Leaving everything behind: Ukrainian refugees overcome challenges as they make Calgary their temporary home
As the war in Ukraine continues, Calgary is starting to see the arrival of Ukrainian nationals who are fleeing their country.
The quick arrival of Ukrainians has been facilitated by the Canada-Ukraine Authorization for Emergency Travel (CUAET), which launched in March and allows Ukrainians and their family members the opportunity to come to Canada as temporary residents for up to three years while providing them with free work or study visas.
Due to fleeing the war in Ukraine, most people arriving in Canada have little to nothing left to their name, which can make settling into a new home a challenge when also trying to learn the language.
Luckily, there is no shortage of Calgarians and organizations opening their doors and doing what they can to help, including Jennifer Dobson, who wanted to play her part.
Lending a helping hand
After watching the news and seeing what was happening in Ukraine, Dobson says she reached out to St. Vladimir’s Ukrainian Orthodox Church to see if there was anything she could do.
“I reached out to the pastor there to see what I could do to help besides just watching the news and wanting to do something,” she says, adding she told him she had a room available.
When she first reached out, the pastor told Dobson he’d have to get back to her after he learned more about what the government was saying the people needed and the requirements.
In addition to offering up a room in her home, Dobson says the church was also gathering donations of supplies Ukrainians might need when they arrive in Calgary.
“He did mention that they were doing welcome packages for people… maybe they don’t have hygiene items, sheets,” she says. “They’re completely starting over.”
More than just a room
As a teacher, Dobson spearheaded something similar through her school and her community for people experiencing homelessness.
“I reached out to my principal and the community of Mckenzie Towne was amazing for it,” she says. “We did it for two weeks, and collected a lot of stuff and I was able to drop it off at the church.”
Dobson was inclined to help not only because of how strongly she felt for the Ukrainians going through this crisis but also because of the lessons she wants her children to learn.
“I looked at the news and it just made me cry, it made me feel helpless,” she says. “I teach my kids that you cannot change the world, but you can change the world for one person.”
It’s all about paying it forward
Dobson says that even if you feel helpless, there are still small things people can do to help one another.
“You feel ‘you can’t do anything,’ but you can,” Dobson says, adding that the little things add up.
“I want to show my kids so yes, we can’t help everyone in the world but you can help someone, and you can change their world.”
After a short time, St. Vladimir’s pastor got in touch with Dobson and went to take a look at the spare bedroom she had to offer.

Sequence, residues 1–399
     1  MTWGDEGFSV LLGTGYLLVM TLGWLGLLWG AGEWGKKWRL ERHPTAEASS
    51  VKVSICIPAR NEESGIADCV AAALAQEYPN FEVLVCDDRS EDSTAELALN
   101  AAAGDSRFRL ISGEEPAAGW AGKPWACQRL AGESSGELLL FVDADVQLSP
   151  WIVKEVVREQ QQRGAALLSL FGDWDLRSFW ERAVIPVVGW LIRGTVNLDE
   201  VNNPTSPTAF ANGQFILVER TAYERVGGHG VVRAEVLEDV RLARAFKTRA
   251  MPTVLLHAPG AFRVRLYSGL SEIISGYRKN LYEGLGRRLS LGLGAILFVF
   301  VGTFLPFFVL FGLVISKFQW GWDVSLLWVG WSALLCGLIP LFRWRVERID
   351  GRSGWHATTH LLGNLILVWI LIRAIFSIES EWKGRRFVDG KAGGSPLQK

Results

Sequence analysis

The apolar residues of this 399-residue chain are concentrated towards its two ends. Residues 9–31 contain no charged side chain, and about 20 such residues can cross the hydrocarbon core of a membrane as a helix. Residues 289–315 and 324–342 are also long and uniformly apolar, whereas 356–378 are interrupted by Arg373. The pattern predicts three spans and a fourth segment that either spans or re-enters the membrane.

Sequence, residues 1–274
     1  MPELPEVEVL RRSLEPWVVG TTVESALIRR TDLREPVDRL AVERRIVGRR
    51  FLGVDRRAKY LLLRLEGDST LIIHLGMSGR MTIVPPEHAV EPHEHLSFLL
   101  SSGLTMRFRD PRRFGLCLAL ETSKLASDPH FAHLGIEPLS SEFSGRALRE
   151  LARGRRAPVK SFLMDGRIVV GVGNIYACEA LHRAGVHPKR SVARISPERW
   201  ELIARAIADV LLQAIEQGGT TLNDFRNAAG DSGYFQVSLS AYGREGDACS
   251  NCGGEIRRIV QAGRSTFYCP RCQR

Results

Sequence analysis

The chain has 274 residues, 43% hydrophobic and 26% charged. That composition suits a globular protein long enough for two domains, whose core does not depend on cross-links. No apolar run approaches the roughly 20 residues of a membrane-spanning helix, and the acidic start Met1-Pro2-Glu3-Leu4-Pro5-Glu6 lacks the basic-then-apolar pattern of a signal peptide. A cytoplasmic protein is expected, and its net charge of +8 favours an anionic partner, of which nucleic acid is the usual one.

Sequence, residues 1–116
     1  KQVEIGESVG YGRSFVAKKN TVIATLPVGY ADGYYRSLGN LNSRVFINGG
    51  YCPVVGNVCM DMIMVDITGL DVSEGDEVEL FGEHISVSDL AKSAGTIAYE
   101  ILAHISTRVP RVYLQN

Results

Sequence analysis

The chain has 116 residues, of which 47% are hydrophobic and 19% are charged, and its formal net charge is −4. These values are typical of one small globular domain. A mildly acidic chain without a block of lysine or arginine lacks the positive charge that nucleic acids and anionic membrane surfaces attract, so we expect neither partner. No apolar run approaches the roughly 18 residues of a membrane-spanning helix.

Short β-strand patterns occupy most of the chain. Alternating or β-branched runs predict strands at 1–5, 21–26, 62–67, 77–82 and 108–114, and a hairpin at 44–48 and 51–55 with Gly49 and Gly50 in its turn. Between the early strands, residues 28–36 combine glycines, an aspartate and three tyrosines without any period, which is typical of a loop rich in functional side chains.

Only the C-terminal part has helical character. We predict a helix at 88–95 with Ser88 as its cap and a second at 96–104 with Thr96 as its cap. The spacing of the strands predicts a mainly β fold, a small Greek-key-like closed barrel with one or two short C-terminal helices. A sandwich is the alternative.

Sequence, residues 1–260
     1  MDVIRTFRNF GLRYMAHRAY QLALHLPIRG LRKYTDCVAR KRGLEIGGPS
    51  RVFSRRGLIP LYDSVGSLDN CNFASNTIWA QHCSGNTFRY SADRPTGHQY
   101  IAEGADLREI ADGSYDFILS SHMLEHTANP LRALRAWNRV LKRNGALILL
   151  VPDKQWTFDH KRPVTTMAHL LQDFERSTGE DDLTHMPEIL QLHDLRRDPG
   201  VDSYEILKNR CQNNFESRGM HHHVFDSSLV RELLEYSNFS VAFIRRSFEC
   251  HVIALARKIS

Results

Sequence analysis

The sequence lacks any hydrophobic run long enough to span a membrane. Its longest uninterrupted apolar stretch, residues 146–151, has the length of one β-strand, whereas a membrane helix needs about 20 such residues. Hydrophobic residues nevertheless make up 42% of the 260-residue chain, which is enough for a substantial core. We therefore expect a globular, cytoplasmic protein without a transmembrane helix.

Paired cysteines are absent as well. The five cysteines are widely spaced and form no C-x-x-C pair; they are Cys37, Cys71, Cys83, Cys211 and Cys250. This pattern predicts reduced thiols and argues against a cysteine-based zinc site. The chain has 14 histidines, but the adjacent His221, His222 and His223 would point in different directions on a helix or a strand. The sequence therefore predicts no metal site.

“Afterwards he reached out to me that they had found a lady in Kyiv that was looking to come in,” Dobson adds.
Leaving her entire life behind
The woman Dobson was introduced to is 27-year-old Yana Hvozdetska, a temporary resident from Ukraine who worked as a lawyer’s assistant back home.
Hvozdetska decided to come to Canada because it would be safer here than in Kyiv, however, she had to leave her family and her boyfriend behind.
“It’s difficult because my boyfriend, my grandma, my dog — they all live in Ukraine now,” she says. “It’s so difficult because I’m afraid every day about him and about my relatives.”
Before the war began, Hvozdetska had always wanted to come to Canada or the United States.
“If I came to Canada in ordinary life, maybe I would be so glad to be here,” she says. “I dreamed of living in Canada or the USA, but now you read the news every day and you can’t be so happy because in your country there is war and many people are killed every day.”
Overcoming the challenges of coming to Canada
Along with upending her entire life to come here for safety, there have been other challenges for Hvozdetska, such as finding work.
“The challenge I have for this time is to try to find a good job,” she says. “It’s a challenge because in Ukraine, I was a lawyer assistant and I wanted that but for now I have to find another job.”
When she first arrived, Hvozdetska looked for an administrative assistant job because it was similar to what she was doing back in Ukraine, however, her diploma doesn’t transfer to Canada.
“It’s necessary for me to study because in Canada with my Ukrainian diploma, I can’t work,” she says. “In Ukraine, I was a lawyer’s assistant but now I’m unemployed.”
Learning the language
Hvozdetska wants to improve her English.
“In ordinary life in Ukraine I don’t use English,” she says. “I studied English only in the university and in school, and all that I know now and can speak is something that I learned, but in ordinary life, I don’t use English.”
Moving forward, Hvozdetska hopes to find a job and get herself more settled in by finding herself a place to live. She hopes to eventually bring her boyfriend to Canada as well.
“I have to find a job for the first time now and rent a flat to start,” she says. “I believe that my boyfriend can move here for some time and we can live here.”
Whether Hvozdetska decides to stay longer than the three years or to go back to Ukraine is still undecided but she hopes her time in Canada can help set her up for a better life.
“I will be here because even after the war is finished the economy of my country is not good,” she says. “I believe that I can start it here and then if all is finished I can return to my home.”